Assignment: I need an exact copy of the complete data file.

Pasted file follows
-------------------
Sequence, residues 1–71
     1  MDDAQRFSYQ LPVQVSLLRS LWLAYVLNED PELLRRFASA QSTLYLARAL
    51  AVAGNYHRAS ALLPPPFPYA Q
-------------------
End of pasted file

Sequence, residues 1–71
     1  MDDAQRFSYQ LPVQVSLLRS LWLAYVLNED PELLRRFASA QSTLYLARAL
    51  AVAGNYHRAS ALLPPPFPYA Q